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Muscle oxygenation does not affect the prior exercise effect




Hernandez, Andres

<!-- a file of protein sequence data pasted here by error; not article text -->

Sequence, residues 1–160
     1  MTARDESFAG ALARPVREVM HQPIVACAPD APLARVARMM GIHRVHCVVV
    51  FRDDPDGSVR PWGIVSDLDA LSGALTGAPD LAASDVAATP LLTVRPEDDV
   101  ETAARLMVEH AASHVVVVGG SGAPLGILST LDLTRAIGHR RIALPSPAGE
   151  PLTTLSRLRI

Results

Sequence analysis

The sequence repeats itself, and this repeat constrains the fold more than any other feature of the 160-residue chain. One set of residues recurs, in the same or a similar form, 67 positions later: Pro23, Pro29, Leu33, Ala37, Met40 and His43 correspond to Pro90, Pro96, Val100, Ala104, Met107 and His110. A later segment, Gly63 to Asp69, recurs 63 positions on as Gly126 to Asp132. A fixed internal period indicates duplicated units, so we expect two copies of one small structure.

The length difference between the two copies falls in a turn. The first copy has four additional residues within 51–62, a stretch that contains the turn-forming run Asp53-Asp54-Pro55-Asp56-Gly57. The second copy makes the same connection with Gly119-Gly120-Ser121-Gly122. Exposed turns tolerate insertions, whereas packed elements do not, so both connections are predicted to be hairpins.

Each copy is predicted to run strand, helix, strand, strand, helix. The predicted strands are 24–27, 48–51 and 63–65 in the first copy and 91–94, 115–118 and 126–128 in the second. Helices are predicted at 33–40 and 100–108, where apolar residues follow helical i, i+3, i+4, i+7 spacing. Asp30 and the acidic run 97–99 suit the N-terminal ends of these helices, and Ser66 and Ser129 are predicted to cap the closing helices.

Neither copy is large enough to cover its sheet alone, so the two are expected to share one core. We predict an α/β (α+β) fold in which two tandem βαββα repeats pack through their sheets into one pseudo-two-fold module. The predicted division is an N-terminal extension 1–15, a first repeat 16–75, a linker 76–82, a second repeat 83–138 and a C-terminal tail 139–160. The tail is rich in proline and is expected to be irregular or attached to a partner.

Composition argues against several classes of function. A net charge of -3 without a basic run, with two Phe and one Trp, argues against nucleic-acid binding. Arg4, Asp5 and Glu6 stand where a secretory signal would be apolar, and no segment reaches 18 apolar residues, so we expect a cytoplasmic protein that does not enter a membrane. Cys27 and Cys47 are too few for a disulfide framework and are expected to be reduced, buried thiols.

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The controlling factors responsible for the "turn-on‟ of oxidative phosphorylation at the onset of exercise (VO2 on-kinetics) are controversial. Current hypotheses center on delayed O2 delivery, the build-up of respiratory stimuli, and a combination of the two. Recently, speeded VO2 on-kinetics after priming exercise have further fueled the debate over controlling factors. However, investigations into the mechanistic controllers of the prior exercise effect in exercising humans are limited by experimental techniques. It was the purpose of this study to examine the prior exercise effect in the highly-oxidative canine gastrocnemius muscle complex (gastrocnemius plus superficial digital flexor; GS) contracting in situ. With arterial [O2] maintained constant, a step change in metabolic rate was elicited by stimulating canine GS muscles (n=5) via their sciatic nerves (6-8 V, 0.2 ms duration, 50 Hz, 200 ms train) at a rate of 2 contractions / 3 s for two, 2-min bouts separated by 2 min of recovery. VO2 on-kinetics were determined during both of these bouts for four experimental conditions: spontaneous adjustment of self perfused blood flow (spontaneous); maximized O2 availability (elevated flow) in which blood flow was maintained at the end-contractile level throughout recovery and the second bout of contractions; maximized metabolic respiratory stimuli (resting flow) in which blood flow was rapidly returned to the pre-contractile level during recovery and the on-kinetics were the same between contractile bouts; and maximization of both metabolic respiratory stimuli and O2 availability (additive) which was identical to the resting flow condition with the exception that blood flow was increased rapidly at the onset of the second bout. Near infrared spectroscopy (NIRS) was used to monitor muscle oxygenation ([O2Hb] and [HHb]). Despite significant alterations in [O2Hb] prior to the second contractile bout, tau remained unaltered (means: 11.8 vs. 10.6 s) for each condition. Time delay (mean: 6.2 s) and correspondingly mean response time (mean: 18.0 s) were significantly (p<0.05) speeded during bout 2 (mean: 1.9 and 12.5 s, respectively) and the amplitude of the VO2 slow component was significantly reduced in all conditions after priming contractions (means: 11.0 vs. 28.2 mlO2•kg-1•min-1). These data indicate that altered O2 delivery and muscle oxygenation as assessed by NIRS do not play a role in the prior exercise effect in highly-oxidative skeletal muscle. Thus, the prior exercise effect likely has its origin in elevations in metabolic respiratory stimuli prior to the second contractile bout (evidenced by an elevated bout 2 baseline VO2 for all conditions). These data also provide evidence that reductions in the slow component amplitude after priming contractions do not require altered motor unit recruitment as has been suggested for human exercise.